City and Regional Planning

Posted July 14, 2016

Five Questions for Stefan Al

The Neon Museum's Scholar-in-Residence on the Las Vegas Strip, Hong Kong, and Piranesi

Associate Professor of Urban Design Stefan Al is a Dutch-born architect and urban designer who has written widely about cities, including informal settlements, industrial towns, commercial developments, and high-density environments. He’s the editor of Villages in the City: A Guide to South China’s Urban Informality, Factory Towns of South China: An Illustrated Guidebook, and Mall City: Hong Kong’s Dreamworlds of Consumption (all from University of Hawai’i Press/Hong Kong University Press). A decade of research on Las Vegas led him to the city's Neon Museum, where he recently served as scholar-in-residence. He also curated an exhibition about Las Vegas with New York-based firm !melk for the Van Abbe Museum in Eindhoven.
 
What were the highlights of your residency at the Neon Museum?
 
I gave a public lecture and went through the Neon Museum’s archival material, which includes historic photos, presentation drawings, and blueprints of signs. The most special part of the museum is the Neon Boneyard, a place where the city’s most iconic signs go to retire, like the Stardust letters and the Aladdin’s lamp. It is a beautiful and surreal place, with the neon letters and figures laid out in the desert sand. Think of Piranesi’s etchings of Rome, but then with monuments of neon and lightbulbs instead of stone.  
 
What made Las Vegas such an ideal laboratory for neon innovation?
 
In hopes to attract people to the Mojave Desert, developers had no choice but to experiment and innovate. Until today, few places have such vast budgets for buildings and millions of people expecting to be entertained. 

The layout of the Las Vegas Strip, where competing companies are in close proximity of another, also bred architectural experimentation. Just like soap companies compete by different packages, so was signage used as a way to distinguish companies offering similar services — gambling, accommodation and entertainment — strung around a single street. 
 
Developers were allowed to build as they please, with little constraints from city planners. Few people know that the Strip is actually not in Las Vegas, but in an unincorporated township of Clark County, with unusually lax regulations. The Strip’s casinos were deliberately built outside of the city of Las Vegas, so developers could escape city taxes and zoning laws. 
 
What role did Las Vegas play in the introduction or proliferation of neon signs? 
 
During the 1960s Las Vegas led the world building the largest neon structures. The 1964 Dunes sign was 181-feet tall and contained 3 miles of neon tubing and 7,200 electric — to the pleasure of General Electric, who awarded it the Sign of the Year. Then in 1968 came the Frontier’s new pillar at 184-foot tall, three feet taller than the Dunes. That same year the Stardust sign was built, a 188-feet neon structure, the world’s tallest.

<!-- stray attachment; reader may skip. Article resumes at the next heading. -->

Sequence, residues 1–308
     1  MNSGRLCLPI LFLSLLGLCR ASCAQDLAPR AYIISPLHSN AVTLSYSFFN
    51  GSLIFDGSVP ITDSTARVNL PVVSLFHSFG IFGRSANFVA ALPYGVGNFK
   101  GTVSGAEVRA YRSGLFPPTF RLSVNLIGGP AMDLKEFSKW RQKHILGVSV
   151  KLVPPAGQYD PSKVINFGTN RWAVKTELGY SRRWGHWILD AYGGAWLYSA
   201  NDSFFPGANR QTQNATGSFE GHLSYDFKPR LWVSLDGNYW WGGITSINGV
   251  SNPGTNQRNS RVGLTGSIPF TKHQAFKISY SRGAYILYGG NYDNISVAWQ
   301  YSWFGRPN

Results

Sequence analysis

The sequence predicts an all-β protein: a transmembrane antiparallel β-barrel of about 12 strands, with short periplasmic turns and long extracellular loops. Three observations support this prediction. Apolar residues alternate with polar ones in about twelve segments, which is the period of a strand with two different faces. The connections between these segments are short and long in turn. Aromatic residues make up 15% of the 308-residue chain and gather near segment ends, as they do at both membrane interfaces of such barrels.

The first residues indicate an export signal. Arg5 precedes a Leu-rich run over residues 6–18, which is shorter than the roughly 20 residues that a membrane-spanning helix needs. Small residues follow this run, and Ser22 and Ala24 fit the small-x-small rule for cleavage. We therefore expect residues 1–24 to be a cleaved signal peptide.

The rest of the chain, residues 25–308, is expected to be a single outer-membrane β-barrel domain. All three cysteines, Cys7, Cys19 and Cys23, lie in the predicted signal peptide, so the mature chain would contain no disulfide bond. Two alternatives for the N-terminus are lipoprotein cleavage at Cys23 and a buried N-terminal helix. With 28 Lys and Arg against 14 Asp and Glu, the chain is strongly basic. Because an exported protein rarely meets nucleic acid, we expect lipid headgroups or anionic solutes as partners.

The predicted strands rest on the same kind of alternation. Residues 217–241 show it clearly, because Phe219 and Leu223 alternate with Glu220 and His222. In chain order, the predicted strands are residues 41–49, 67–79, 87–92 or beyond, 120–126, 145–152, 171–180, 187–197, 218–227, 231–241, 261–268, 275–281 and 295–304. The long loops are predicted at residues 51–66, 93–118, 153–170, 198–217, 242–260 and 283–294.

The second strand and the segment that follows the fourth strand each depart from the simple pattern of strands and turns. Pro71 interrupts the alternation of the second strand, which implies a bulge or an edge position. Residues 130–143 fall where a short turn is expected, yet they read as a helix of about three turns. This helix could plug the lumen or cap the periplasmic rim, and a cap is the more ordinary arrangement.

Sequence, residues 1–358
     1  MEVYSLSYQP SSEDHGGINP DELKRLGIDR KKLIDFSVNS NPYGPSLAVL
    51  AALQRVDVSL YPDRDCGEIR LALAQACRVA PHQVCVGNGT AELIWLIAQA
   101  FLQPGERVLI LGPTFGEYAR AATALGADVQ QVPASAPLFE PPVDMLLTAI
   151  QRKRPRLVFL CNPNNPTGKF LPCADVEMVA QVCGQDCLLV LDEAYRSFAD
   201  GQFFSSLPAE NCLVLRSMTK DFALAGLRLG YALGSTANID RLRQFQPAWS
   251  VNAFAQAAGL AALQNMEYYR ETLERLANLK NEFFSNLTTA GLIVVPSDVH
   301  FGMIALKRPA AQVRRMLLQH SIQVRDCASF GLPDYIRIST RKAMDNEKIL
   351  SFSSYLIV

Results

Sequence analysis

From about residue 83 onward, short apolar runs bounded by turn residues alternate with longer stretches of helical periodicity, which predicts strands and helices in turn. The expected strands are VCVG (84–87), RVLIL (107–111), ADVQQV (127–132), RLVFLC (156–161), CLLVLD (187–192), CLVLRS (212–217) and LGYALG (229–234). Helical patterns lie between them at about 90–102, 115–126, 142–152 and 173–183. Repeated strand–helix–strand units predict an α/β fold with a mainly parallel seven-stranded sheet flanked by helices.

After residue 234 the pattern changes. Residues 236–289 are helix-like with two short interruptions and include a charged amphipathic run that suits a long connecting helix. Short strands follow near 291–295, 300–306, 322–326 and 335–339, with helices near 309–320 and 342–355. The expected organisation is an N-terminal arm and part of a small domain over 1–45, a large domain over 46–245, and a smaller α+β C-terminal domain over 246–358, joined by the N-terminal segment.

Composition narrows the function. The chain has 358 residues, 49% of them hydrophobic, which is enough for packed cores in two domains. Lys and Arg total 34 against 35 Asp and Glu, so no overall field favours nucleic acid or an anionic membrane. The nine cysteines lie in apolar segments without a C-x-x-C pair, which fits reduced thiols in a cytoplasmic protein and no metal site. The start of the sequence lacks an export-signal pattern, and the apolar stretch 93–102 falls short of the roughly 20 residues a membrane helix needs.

Casinos then fundamentally believed that they needed to compete by building tall signs. Plus they had the money to build them. At heart, it is simple human nature. To call attention to a casino, one owner puts up a sign. Then the next owner puts up a bigger one. The president of YESCO, Las Vegas most prolific sign company, recalled, “the gamblers would […] say, ‘You gotta put me up a bigger one than so and so's got down the street.’”
 
As cities around the world continue to attract more residents, is “bigger and brighter” the future of all city skylines? 
 
Although signs are often derided as commercial, some places derive their cultural identity from big and bright signs and billboards, like New York’s Times Square. Hong Kong’s pulsating skyline draws many tourists too, with buildings animated with lasers nightly at 8:00pm. But as impressive as this spectacle of light may be, at the same time, local residents living close to the video billboards had trouble sleeping, even after installing blackout curtains.  
 
A few years ago, I was asked by the Hong Kong’s Environment Bureau to join a task force to think about how to regulate external lighting. It was difficult to strike a balance between allowing commercial interests to display their messages, and to prevent light pollution and reduce energy wastage. 
 
Your design work includes iconic buildings like the 2,000-foot-high Canton Tower in Guangzhou, the preservation of world heritage in Latin America at the World Heritage Center of UNESCO, and an 11,000-acre new eco-friendly city in India. Has your study of Las Vegas neon animated any of those projects, or vice versa?
 
When I worked on the Canton tower I remember our Chinese clients, after a visit to the Strip, asked for Stratosphere thrill-rides and Bellagio fountains. We ended up building a “Bubble Tram,” a Ferris Wheel revolving around the tower, at 1,500 feet high.